Black deaths in Australia and the United States follow a similar historical pattern of racist institutionalism and disregard for the sanctity of human life, writes Dr Rashad Seedeen.
BARKINDJI MAN Anzac Sullivan, 37, died on March 18, allegedly while running away from police after they visited his home to serve an outstanding warrant.
Less than a month later, Daunte Wright, a 20-year-old from a small city just north of Minneapolis, was shot dead by police attempting to arrest him for an outstanding warrant.
These deaths, along with many others, have ignited protests and open resentment at a racist system that is killing Black people in record numbers.
In Australia and the United States, the historical treatment of Black people has been characterised by its cruelty and disregard for human life.
During the years of colonialism, Indigenous populations, which were violently and forcefully disenfranchised from their land, were regular victims of heinous massacres. In the 1830s, frontier violence was so prevalent that the murder of Indigenous locals became commonplace.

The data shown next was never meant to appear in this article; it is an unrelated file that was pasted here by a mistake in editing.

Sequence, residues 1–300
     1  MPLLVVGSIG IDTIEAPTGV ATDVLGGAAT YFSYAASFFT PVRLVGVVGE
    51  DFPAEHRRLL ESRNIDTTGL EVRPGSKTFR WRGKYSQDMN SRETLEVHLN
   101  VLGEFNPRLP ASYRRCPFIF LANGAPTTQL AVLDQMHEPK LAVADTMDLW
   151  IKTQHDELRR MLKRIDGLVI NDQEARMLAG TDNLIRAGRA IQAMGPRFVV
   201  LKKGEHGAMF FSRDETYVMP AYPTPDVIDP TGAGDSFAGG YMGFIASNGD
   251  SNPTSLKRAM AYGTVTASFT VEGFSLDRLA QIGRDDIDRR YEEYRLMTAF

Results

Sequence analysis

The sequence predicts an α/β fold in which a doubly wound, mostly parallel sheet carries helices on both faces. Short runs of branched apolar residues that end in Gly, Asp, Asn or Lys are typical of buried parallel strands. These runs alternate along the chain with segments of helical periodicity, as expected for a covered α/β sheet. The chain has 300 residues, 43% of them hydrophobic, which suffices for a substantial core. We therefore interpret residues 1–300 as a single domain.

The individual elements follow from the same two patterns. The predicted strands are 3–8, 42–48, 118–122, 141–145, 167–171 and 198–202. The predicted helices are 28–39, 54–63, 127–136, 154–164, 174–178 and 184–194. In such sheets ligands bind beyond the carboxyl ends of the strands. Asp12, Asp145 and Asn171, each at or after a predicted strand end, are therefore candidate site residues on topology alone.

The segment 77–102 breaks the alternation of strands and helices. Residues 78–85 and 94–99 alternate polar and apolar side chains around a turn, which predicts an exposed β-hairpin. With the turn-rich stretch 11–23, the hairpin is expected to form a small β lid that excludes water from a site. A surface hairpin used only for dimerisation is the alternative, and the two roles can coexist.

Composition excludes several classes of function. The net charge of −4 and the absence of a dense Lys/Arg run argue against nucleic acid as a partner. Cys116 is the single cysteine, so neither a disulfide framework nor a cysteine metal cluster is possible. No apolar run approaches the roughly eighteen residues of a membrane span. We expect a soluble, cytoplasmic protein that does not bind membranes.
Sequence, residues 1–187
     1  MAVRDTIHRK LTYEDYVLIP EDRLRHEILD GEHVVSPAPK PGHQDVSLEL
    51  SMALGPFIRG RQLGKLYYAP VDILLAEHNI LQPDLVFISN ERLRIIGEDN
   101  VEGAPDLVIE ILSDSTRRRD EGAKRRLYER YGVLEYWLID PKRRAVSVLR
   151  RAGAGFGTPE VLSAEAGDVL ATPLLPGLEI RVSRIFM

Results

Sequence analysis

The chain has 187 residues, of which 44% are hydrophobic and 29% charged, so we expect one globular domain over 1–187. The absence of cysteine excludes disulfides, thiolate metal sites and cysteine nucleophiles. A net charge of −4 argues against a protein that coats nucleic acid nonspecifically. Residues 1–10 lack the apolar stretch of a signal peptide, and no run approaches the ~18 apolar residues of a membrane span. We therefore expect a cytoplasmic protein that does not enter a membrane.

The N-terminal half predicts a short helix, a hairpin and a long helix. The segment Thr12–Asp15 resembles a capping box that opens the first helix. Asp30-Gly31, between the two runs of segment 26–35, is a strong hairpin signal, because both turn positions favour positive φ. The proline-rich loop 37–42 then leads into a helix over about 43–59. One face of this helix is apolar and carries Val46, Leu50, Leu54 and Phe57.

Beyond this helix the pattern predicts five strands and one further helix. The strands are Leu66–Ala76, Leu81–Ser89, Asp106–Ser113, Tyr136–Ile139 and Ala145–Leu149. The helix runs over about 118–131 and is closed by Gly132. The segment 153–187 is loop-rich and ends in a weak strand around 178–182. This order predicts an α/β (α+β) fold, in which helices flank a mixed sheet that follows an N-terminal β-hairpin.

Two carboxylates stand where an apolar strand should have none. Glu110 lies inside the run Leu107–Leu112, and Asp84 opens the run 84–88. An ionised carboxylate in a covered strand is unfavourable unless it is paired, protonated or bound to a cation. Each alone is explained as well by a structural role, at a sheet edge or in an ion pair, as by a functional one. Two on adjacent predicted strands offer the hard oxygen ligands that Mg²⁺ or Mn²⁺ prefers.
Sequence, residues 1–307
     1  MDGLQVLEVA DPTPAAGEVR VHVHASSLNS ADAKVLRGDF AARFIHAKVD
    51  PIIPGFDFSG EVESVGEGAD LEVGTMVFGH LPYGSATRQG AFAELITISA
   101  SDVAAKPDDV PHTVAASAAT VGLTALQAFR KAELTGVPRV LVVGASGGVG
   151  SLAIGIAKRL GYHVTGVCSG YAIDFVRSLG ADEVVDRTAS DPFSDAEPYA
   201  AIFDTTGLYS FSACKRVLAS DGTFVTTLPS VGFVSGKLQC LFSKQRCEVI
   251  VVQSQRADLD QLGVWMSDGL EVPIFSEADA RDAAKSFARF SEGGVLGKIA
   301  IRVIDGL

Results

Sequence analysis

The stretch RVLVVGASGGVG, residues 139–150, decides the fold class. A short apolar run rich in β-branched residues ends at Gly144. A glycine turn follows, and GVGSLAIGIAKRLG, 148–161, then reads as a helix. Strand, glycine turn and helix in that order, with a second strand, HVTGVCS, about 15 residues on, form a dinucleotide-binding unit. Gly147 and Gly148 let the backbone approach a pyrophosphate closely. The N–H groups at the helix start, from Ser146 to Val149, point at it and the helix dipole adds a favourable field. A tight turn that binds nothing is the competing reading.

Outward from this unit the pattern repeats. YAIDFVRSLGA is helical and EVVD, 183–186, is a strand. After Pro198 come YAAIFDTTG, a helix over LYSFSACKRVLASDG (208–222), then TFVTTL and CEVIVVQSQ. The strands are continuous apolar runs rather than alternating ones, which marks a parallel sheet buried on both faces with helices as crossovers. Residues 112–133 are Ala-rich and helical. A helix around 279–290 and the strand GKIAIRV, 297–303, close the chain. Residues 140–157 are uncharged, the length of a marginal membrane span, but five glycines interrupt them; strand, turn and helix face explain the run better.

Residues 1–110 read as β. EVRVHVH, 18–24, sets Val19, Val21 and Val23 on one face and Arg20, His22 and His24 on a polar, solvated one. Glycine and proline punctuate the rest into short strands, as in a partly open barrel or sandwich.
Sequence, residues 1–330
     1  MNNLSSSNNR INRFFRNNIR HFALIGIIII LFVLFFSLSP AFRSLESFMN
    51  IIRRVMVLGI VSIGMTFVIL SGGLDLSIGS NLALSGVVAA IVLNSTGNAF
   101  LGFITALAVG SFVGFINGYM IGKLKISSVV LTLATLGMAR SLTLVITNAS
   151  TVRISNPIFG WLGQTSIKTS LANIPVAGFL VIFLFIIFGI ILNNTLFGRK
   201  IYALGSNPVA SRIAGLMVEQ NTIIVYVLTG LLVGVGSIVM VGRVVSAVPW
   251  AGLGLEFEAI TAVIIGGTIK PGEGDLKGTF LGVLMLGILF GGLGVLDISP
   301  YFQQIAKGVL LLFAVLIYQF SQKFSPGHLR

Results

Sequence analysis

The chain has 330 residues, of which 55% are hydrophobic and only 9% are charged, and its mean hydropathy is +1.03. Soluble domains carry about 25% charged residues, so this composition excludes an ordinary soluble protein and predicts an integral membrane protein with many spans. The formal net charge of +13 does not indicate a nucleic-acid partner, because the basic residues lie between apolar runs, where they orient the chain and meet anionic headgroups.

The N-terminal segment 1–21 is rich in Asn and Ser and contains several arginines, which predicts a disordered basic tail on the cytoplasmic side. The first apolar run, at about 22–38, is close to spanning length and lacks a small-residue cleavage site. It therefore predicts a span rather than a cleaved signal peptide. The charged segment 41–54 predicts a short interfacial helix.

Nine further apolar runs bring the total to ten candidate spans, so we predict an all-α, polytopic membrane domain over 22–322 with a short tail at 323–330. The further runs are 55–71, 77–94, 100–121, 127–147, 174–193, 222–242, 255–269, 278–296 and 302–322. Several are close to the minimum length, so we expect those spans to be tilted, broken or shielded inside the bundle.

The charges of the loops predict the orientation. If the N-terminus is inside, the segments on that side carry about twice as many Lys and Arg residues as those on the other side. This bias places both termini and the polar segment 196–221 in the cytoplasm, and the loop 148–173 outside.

In late 1837, Major James Nunn, commandant of the New South Wales Mounted Police, led a violent expedition against local Gamilaroi people as retaliation for the deaths of stockmen. His pursuit resulted in the brutal murders of Aboriginal men, women and children in what became known as the Waterloo Massacre, 26 January 1838.
Most accounts have the death toll from the Waterloo Massacre at 50 but Reverend Lancelot Threlkeld noted in his reports that Nunn and his men could have killed up to 300 people.